Tentacle pooling a server that sits behind Reverse Proxy

Although all the web site is working perfectly allright using a reverse proxy https://products.devscope.net/Deploy , the pooling tentacle wants to connect using a 10943 port.
My Firewall/ReverseProxy (TMG) doesn’t like that untrusted SSL + client cert auth mechanism. I’ve seen more people struggling with LoadBalancers here in the foruns. The problem is that 10943 is forcing a custom port, an untrusted server SSL, and forcing a client cert (also untrusted). All of these are really bad choices for any Load Balancer or Reverse Proxy.

My suggestion:
Don’t use any sort of custom ports. Many networks depend on 80 or 443, nothing else.
Don’t use the transport to Authenticate. The protocol should simple use the transport to tunnel, not to authenticate.
If you need machines (tentacles) to authenticate, just generate a token for them and then use that to authenticate to the API (over the same HTTP/HTTPS endpoint)

After authorizing a pooling tentacle, I would expect it to simply work using the exposed API, for example a route like https://products.devscope.net/Deploy/api/

BTW: any idea how to expose the 10943 over a reverse-proxy (hacking style)?
thank you.

Hi Jose,

Thanks for getting in touch! I understand you have some concerns about how we’ve implemented some aspects of Octopus, but I’ll get started with helping you resolve your Tentacle connection problems.

Resolving Tentacle connection problems

When it comes to exposing a non-standard port over a reverse-proxy, that depends on your proxy server and your specific requirements. Normally we would recommend simply port-forwarding requests for TCP Port 10943 from the public interface to your Octopus Server, and in the case of ISA Server, that’s what I would do.

If you really need to traverse through a reverse-proxy, that should be fine too, but I can’t help with the proxy configuration, but I can help with Octopus.

Which version of Octopus Deploy are you using? We just shipped Octopus 3.4 which adds support for Tentacles to connect to the Octopus Server via HTTP Proxy: http://docs.octopusdeploy.com/display/OD/Proxy+Support

We have written a comprehensive troubleshooting guide for Polling Tentacles and I’d appreciate it if you could go through that and get back in touch if you need further help: http://docs.octopusdeploy.com/display/OD/Troubleshoot+Polling+Tentacles

Tentacle communication concerns

I appreciate you taking the time to share your concerns with us. We haven’t made any of these decisions lightly, and I’ll go to some effort to provide some background.

This article should give you some more insight into the design of the Tentacle - Octopus Server communication: http://docs.octopusdeploy.com/display/OD/Octopus+-+Tentacle+communication

Self-signed certificates

This blog post should explain why we chose self-signed certificates in the first place: https://octopus.com/blog/why-self-signed-certificates

Out of the box we use self-signed certificates as a convenience for customers who don’t have their own PKI, or don’t have the experience to work with PKI, or simply don’t care to manage it themselves. As long as the trust relationship between the Octopus Server and Tentacles are maintained, self-signed or not, that’s OK - all of the benefits of TLS still apply.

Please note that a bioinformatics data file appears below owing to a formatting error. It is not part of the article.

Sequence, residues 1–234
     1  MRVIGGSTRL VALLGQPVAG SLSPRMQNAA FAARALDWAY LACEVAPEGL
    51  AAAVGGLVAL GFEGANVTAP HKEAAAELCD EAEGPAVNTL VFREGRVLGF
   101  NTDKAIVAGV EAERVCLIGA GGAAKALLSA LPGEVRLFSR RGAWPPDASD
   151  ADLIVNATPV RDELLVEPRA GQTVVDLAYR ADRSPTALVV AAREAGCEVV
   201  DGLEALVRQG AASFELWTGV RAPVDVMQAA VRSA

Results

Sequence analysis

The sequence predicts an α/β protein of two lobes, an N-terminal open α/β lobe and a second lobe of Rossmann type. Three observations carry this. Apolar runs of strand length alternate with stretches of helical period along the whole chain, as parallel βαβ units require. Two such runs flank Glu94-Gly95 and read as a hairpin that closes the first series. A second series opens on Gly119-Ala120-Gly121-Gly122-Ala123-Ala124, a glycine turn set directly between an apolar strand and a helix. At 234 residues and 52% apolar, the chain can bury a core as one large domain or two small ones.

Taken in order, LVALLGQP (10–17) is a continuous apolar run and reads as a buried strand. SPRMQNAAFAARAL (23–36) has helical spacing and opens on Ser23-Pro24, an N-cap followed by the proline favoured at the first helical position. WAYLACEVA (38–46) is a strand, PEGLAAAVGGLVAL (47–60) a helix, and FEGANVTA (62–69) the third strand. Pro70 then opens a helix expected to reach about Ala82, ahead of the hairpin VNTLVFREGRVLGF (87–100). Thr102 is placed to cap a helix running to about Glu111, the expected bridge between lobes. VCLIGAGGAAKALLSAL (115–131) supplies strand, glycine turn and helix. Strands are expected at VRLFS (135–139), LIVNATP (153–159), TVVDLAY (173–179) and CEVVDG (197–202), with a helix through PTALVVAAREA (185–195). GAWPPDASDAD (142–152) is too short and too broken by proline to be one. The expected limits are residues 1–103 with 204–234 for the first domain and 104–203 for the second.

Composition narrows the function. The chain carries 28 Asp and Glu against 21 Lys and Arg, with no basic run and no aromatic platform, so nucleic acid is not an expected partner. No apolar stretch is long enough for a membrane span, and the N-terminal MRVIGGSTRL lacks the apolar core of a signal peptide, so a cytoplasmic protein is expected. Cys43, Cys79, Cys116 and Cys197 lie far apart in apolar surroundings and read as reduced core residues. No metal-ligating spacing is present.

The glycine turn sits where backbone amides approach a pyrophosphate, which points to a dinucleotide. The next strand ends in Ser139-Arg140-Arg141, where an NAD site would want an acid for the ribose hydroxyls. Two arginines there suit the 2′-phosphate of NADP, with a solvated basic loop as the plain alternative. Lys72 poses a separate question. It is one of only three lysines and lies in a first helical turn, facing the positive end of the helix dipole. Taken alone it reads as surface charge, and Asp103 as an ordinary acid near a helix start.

If you want to, you can use custom certificates on both sides of the relationship: http://docs.octopusdeploy.com/display/OD/How+to+use+custom+certificates+with+Octopus+Server+and+Tentacle

Client certificate authentication

In the case of Octopus Server - Tentacle authentication - we are just using TLS Client Authentication provided out of the box by .NET which leverages Schannel in Windows servers: https://technet.microsoft.com/en-us/library/cc784450(v=ws.10).aspx

Whilst I can see plenty of usability problems with Client Certificate Authentication schemes, it makes a lot of sense for Client-Server relationships, especially because Octopus owns both sides of the relationship, and can wrangle the certificates on your behalf if you want it to.

Custom TCP Port

We didn’t originally have Polling Tentacles, only Listening Tentacles which listen on TCP Port 10933 by default. The reason for the custom TCP Port is because Tentacle is usually running on a Web Server which is already trying to listen on Port 80 and 443 to host web sites - and it wouldn’t be nice if Tentacle caused web sites to fail due to a binding conflict. This way customers can have control over which TCP Ports they open and bind to and for which reasons.

When Polling Tentacles were introduced, we followed suit and made them listen on a custom TCP Port 10943 by default. Again, people often host their Octopus Server on the same machine as other services, and we wanted to give control to our customers, hence why you can configure the Octopus Web bindings, and the Tentacle port.

Granted it would be convenient if Polling Tentacles could just poll against the same HTTP interface as the standard web traffic for the Web Portal, but this isn’t easily achieved since Tentacle uses TLS but doesn’t implement HTTP - it uses a custom transport called Halibut: https://github.com/OctopusDeploy/Halibut Perhaps in a future version of Octopus Deploy we’ll be able to simplify this further.

Hope that helps!

Hi Jose,

I was just going through our UserVoice site and came across this suggestion which lines up with yours. Feel free to add your vote!

Hope that helps!